Can dog eat after brushing teeth? Here’s What to Do Next

When should I brush my dog’s teeth?

Like us, it is ideal to brush your dogs teeth at least twice daily. For many dogs, once brushing becomes a part of their daily routine they will begin to expect and enjoy it. Brushing three times a week is the minimum recommendation to help remove plaque and prevent tartar accumulation.

It is best to teach your dog to accept tooth brushing while he is still a puppy. If you have an older dog, the training process may take a little longer, but it is still well worth the effort.

What type of toothbrush should I use?

Commercial toothbrushes are available that are specifically designed for use in dogs. These include:

  • brushes with angled handles,
  • brushes with multiple heads (so that you can simultaneously brush the inside, outside, and top surfaces of the tooth),
  • small brushes that fit comfortably in your hand, and
  • finger toothbrushes (designed to fit over the tip of your finger).
  • For some dogs, it is acceptable to use a very soft toothbrush designed for use in human babies.

    The type of toothbrush you use depends a little on the size of your dog and a little on your own dexterity. Many pet owners find it easier to use a finger brush, especially when just beginning to brush their dogs teeth. Check with your veterinarian if you are uncertain of which brush to use.

    Regardless of the type of toothbrush you use, it is important to be gentle and go slowly as it is easy to accidentally poke the tip of the toothbrush against the gums and cause some irritation.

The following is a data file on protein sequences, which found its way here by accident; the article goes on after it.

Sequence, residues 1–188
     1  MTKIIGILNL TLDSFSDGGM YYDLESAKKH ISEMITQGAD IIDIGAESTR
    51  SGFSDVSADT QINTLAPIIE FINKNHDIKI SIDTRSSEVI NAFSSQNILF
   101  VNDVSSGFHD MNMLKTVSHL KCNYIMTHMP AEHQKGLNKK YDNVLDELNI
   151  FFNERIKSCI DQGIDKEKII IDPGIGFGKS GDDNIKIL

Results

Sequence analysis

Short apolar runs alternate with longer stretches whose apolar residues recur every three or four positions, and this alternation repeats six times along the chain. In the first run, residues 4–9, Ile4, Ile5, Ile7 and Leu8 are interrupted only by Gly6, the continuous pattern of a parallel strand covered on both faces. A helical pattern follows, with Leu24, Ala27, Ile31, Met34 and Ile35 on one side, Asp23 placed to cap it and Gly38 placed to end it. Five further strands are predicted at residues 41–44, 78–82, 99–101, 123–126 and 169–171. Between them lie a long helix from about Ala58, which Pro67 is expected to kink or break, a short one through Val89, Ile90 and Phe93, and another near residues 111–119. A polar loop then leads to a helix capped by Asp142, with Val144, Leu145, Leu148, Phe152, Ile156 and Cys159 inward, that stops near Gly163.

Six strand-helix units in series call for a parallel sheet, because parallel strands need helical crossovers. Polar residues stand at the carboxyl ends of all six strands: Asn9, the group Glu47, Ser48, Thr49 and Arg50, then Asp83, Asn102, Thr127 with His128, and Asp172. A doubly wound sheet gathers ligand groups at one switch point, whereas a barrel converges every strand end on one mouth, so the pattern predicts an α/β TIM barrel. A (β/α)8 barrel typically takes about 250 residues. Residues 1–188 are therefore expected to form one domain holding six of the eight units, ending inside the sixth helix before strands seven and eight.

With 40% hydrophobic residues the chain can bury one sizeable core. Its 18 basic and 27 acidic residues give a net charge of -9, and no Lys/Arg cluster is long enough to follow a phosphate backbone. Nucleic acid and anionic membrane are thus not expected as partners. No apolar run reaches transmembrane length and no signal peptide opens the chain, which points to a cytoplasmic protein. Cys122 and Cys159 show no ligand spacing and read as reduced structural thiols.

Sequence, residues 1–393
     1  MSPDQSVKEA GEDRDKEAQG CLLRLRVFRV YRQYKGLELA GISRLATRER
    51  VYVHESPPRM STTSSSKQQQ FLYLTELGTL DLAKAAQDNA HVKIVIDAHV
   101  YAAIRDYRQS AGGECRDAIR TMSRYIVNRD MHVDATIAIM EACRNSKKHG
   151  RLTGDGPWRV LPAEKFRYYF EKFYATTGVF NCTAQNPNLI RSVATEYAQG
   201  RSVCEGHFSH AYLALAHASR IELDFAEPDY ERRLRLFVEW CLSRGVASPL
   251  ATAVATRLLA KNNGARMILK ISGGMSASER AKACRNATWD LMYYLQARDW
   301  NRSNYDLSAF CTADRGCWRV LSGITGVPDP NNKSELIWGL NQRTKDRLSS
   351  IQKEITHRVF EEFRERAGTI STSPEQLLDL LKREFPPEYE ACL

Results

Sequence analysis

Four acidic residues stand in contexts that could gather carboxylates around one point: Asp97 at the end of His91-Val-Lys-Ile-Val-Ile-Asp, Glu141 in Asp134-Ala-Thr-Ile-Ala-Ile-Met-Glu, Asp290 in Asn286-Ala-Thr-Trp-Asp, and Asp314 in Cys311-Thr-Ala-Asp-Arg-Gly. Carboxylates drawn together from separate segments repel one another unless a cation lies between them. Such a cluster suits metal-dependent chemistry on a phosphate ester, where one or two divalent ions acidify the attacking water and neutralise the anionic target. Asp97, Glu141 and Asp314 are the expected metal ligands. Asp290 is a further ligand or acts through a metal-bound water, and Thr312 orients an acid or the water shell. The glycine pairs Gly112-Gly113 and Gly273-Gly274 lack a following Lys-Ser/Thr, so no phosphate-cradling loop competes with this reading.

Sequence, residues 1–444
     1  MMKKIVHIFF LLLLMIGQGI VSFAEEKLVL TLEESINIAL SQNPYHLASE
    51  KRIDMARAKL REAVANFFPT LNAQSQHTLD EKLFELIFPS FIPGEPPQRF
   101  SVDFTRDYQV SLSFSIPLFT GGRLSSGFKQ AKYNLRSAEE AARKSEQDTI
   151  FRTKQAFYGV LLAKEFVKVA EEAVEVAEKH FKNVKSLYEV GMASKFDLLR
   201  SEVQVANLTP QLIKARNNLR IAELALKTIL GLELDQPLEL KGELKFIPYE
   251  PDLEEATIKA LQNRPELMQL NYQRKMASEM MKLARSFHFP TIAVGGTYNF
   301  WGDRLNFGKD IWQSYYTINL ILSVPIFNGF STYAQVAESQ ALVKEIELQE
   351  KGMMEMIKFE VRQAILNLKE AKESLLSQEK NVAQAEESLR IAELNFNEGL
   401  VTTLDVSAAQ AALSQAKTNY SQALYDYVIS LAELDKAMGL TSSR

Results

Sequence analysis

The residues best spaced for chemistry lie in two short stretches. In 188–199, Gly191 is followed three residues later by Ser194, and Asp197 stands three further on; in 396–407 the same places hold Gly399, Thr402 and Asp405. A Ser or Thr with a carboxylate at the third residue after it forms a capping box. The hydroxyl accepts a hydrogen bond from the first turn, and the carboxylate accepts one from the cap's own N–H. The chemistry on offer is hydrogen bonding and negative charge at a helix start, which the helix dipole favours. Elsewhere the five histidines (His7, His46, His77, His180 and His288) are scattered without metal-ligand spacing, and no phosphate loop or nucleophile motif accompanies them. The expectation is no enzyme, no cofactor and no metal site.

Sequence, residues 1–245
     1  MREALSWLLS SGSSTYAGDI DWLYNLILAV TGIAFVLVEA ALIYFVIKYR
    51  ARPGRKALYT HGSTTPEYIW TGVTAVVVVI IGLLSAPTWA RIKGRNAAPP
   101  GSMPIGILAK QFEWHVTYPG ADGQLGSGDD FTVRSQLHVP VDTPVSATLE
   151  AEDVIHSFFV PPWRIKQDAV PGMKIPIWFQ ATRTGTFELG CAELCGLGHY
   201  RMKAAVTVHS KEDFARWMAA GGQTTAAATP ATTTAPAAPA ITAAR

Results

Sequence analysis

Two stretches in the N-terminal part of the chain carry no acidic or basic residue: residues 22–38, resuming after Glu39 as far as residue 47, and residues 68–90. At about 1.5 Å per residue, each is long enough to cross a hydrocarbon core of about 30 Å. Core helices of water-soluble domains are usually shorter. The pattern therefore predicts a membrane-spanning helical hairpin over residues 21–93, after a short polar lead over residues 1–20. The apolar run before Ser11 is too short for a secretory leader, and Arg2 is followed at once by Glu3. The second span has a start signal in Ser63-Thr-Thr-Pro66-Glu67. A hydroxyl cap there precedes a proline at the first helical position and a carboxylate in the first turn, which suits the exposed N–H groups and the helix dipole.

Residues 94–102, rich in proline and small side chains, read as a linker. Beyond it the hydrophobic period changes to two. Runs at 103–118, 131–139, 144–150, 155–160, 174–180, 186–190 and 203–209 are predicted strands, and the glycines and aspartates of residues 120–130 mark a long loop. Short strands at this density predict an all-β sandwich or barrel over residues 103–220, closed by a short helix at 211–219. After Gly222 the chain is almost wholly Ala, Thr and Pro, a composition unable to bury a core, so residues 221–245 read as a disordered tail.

Do You Really Need To Brush Your Dog’s Teeth?

    Many doggy owners often ask, “do I really need to “brush” my dog’s teeth?” Can’t I give them a dental chew or rawhide to clean their teeth? Well, the good news is that the occasional dog chew is a good idea if given responsibly to your pup, but that’s not all she wrote.

    Luckily for dogs, they aren’t as prone to cavities as humans. However, according to VCA Animal Hospitals, more than two-thirds of dogs over three have some form of active gum disease, making it the most common disease in pet dogs.1

    Just like us, our pets can develop periodontal disease when plaque from bacteria builds up on and around their teeth (cue toothpaste commercial music). If you don’t remove this plaque, it gets hard and turns into tartar. Tartar, a calcified matrix of plaque and bacteria, irritates and inflames your doggie’s gums and can cause anything from mild gingivitis to advanced periodontal disease.

    Without intervention, all of this can lead to severe pain for your dog, tooth loss, abscesses in their mouth, and/or bacterial infections that can spread throughout the bloodstream to the kidneys, liver, heart, or brain. Unfortunately, periodontal disease is irreversible, but prevention is possible with regular dog teeth cleaning.

    Should You Rinse After Brushing?

    After a long day, what dog owner doesn’t love the joyful welcome they receive from their beloved pets when they walk in the door? But when you bend down to greet your happy hound, does their bad doggy breath make you cringe? That stinky smell could be more than just a sign that Fido ate something he shouldn’t have. Often bad breath, just as for humans, is a sign that your dog’s dental health is not what it should be. So what does a responsible dog owner do? Table Of Contents